McQuaid says UCI not afraid to sanction Lance Armstrong

Pat McQuaid has for the first time gone on record stating that the UCI could ban Lance Armstrong if USADA follow through and provides the relevant evidence to back their lifetime ban of the former cyclist. Armstrong was stripped of his seven Tour de France wins – as well as other titles won from August 1, 1998 – after USADA sanctioned him last month on the grounds of several doping violations.

While the UCI have been notified of USADA’s actions they are still waiting for the American agency to deliver evidence to substantiate their ban. Once any documents fall into the hands of the UCI they have a 21-day window to decide whether they will appeal the decision to CAS or ratify Armstrong’s ban. Armstrong himself announced that he would not fight USADA’s charges, calling their actions a ‘witch-hunt’. He has always denied taking performance enhancing drugs.

"If ultimately the UCI has to sanction, we will have no problems. We've sanctioned many good riders in the past, we've put them out of the sport and we're not afraid to do it with anybody," McQuaid told Cyclingweekly.

The UCI has altered their stance regarding the case several times. At first they distanced themselves from USADA’s efforts, claiming that it was a matter of US jurisdiction.

“People can say what they want, and make statements but the UCI is not involved in it so don’t ask me to comment. We’re not commenting on the Armstrong investigation and that remains the case. Let USADA carry on with this investigation,” McQuaid said in July.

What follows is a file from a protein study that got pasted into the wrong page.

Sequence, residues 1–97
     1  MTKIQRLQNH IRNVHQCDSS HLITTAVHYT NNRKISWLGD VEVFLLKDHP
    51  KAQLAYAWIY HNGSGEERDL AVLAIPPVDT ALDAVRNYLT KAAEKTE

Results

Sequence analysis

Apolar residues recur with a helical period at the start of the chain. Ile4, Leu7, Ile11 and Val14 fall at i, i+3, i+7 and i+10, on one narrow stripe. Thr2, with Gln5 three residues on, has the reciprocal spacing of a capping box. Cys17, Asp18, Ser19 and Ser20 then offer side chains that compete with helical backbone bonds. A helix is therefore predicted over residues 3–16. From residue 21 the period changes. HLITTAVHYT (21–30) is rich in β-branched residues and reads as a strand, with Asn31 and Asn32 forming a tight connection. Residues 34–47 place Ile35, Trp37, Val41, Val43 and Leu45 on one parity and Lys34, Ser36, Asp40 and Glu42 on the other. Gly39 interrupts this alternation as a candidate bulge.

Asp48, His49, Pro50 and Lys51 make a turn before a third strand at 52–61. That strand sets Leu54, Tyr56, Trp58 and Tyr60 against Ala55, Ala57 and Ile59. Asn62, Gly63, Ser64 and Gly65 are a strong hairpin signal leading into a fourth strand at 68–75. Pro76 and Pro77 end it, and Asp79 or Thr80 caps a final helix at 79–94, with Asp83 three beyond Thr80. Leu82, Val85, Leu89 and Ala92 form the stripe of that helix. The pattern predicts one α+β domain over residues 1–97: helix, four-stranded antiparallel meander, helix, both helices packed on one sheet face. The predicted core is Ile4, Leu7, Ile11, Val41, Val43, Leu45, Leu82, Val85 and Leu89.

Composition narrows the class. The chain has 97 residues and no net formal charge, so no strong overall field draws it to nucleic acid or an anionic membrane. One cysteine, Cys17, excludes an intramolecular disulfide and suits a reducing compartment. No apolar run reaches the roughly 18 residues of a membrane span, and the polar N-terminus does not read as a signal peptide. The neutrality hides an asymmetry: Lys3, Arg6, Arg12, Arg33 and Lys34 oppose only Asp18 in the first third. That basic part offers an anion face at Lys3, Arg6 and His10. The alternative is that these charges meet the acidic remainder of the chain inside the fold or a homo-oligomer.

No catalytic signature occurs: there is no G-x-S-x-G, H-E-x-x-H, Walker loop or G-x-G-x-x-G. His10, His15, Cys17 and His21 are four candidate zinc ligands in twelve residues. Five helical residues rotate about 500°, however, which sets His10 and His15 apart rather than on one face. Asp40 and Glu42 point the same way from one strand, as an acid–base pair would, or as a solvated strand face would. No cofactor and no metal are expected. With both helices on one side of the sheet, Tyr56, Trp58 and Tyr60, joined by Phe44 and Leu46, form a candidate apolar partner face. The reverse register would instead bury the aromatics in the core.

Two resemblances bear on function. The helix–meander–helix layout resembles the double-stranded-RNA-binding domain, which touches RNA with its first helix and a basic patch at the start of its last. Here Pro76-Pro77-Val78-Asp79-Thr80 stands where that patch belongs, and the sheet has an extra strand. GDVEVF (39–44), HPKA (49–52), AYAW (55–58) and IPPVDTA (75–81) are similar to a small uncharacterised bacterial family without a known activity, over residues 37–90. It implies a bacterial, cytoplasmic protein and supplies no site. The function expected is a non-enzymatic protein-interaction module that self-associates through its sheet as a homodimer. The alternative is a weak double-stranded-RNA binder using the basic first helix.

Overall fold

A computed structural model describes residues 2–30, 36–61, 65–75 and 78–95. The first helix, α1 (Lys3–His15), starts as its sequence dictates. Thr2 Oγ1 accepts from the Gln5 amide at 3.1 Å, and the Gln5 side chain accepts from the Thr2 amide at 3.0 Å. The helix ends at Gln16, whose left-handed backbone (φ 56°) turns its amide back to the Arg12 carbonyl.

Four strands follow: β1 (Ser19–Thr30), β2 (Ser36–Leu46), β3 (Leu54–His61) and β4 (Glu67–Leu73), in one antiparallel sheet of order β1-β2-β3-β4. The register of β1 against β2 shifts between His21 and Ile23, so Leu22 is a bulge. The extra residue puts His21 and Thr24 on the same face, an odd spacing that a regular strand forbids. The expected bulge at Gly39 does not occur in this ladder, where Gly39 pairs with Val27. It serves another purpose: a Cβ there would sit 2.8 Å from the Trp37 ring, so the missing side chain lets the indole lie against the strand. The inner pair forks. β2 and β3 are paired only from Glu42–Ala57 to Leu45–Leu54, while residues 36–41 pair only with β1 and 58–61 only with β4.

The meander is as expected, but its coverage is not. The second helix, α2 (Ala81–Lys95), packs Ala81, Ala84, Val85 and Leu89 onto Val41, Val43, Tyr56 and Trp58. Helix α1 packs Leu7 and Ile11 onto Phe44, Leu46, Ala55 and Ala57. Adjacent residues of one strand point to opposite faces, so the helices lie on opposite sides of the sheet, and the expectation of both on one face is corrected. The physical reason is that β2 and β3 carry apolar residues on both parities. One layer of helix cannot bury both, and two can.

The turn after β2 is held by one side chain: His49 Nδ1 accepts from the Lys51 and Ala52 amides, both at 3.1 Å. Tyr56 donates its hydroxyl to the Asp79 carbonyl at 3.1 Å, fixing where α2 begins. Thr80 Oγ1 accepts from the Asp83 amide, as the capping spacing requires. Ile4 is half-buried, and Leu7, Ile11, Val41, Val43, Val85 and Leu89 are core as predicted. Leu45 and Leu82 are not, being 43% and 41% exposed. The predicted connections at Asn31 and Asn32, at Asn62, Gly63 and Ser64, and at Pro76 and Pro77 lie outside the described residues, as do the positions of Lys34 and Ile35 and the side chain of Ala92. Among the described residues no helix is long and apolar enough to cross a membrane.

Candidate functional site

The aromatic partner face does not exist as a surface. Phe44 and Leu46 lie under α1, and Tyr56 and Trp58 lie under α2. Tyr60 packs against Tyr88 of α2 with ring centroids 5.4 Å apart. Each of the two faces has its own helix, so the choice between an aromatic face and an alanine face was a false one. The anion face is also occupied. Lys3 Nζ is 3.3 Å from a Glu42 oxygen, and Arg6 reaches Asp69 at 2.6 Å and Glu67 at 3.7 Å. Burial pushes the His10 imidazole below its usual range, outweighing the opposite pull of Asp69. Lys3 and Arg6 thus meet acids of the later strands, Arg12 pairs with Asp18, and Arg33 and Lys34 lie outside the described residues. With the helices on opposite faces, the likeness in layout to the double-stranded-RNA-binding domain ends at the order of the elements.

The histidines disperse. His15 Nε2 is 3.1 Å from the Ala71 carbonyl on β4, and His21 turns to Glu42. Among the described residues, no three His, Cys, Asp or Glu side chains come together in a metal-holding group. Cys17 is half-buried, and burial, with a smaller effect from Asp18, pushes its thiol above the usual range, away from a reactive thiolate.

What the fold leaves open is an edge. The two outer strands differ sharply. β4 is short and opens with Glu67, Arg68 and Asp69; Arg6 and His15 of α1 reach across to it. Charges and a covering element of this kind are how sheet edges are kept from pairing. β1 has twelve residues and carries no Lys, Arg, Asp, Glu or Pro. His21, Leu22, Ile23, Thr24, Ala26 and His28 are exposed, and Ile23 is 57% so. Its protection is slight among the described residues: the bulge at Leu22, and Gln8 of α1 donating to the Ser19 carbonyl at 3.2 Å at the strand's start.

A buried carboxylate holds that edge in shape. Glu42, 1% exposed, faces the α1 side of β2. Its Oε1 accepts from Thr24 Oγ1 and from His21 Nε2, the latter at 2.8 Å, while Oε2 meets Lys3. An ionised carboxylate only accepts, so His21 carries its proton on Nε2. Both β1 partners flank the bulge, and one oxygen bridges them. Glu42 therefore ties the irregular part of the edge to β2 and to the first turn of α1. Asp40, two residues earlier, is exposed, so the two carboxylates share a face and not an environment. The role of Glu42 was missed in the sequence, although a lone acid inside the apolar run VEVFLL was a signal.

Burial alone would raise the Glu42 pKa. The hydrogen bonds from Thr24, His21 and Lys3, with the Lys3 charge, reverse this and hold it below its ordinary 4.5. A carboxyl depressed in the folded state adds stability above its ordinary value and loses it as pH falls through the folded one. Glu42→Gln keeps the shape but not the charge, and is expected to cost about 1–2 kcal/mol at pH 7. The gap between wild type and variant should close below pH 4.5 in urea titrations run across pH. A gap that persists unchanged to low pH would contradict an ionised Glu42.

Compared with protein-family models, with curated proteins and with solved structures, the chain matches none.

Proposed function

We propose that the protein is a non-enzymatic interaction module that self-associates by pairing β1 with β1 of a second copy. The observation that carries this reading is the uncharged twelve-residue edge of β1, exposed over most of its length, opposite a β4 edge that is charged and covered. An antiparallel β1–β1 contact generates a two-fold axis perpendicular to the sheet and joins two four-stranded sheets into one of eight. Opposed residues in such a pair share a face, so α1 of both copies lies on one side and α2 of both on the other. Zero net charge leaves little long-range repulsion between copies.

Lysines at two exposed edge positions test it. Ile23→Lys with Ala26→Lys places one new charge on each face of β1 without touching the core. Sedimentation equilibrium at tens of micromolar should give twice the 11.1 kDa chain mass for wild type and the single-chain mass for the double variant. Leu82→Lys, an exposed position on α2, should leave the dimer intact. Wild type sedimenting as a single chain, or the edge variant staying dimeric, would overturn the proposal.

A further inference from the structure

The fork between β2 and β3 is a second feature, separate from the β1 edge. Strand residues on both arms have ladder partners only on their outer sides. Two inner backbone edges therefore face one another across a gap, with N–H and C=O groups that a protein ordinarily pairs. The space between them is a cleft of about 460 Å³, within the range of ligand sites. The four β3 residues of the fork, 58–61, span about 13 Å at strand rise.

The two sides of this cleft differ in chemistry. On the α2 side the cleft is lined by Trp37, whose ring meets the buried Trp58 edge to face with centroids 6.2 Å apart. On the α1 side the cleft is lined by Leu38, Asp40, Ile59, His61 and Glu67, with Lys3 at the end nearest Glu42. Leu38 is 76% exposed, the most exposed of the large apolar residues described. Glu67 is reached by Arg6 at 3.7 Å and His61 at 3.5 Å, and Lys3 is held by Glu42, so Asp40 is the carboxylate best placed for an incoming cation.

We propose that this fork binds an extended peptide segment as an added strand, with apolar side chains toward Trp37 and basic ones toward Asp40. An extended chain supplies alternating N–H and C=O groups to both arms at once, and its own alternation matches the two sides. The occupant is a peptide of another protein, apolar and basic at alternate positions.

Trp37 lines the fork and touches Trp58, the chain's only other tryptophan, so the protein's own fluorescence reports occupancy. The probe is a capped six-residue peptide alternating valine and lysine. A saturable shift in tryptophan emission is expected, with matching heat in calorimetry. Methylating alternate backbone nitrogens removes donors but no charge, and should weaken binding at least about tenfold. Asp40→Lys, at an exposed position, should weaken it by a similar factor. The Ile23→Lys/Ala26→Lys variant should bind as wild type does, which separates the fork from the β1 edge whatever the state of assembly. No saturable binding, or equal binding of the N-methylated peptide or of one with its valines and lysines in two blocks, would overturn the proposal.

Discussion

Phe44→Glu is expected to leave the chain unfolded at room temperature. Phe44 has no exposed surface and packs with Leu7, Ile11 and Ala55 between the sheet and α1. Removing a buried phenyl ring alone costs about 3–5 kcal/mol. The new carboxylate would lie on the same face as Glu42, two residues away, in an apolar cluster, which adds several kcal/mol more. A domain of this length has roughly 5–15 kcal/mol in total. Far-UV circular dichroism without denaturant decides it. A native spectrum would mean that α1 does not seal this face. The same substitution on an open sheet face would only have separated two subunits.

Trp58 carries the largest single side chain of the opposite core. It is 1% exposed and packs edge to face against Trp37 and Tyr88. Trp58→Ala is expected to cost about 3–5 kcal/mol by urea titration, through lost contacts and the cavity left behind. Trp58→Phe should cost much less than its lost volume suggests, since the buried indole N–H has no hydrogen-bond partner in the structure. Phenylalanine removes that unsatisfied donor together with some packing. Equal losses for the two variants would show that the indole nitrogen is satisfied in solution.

That message changed when USADA referenced an alleged cover up of a positive test between Armstrong and the UCI. McQuaid and Armstrong then fought USADA for jurisdiction of the results management. Their case was thrown out, leaving USADA to press ahead.

"There's a lot in those letters that's making statements without anyone knowing the facts," McQuaid said before USADA’s ban was enforced.

"If they have evidence they should share it with the UCI and ask us our opinion. It's very easy to take statements from people and put them into a charge and say that it's evidence. The UCI has nothing to fear in relation to samples going under the counter because it's never happened. A lot of what I've heard over the years are statements coming from Landis and Hamilton which are hearsay about statements made out on the bike in training. That's all it is. The facts that show that that evidence is not there," he said.

"This affair is a trial in the court of public opinion and that's not fair or just. I'm in no way trying to save Lance Armstrong's skin, in any way. The question at stake is that the authority of the UCI as an international federation and my colleagues by what is going on here with USADA and the support of WADA."


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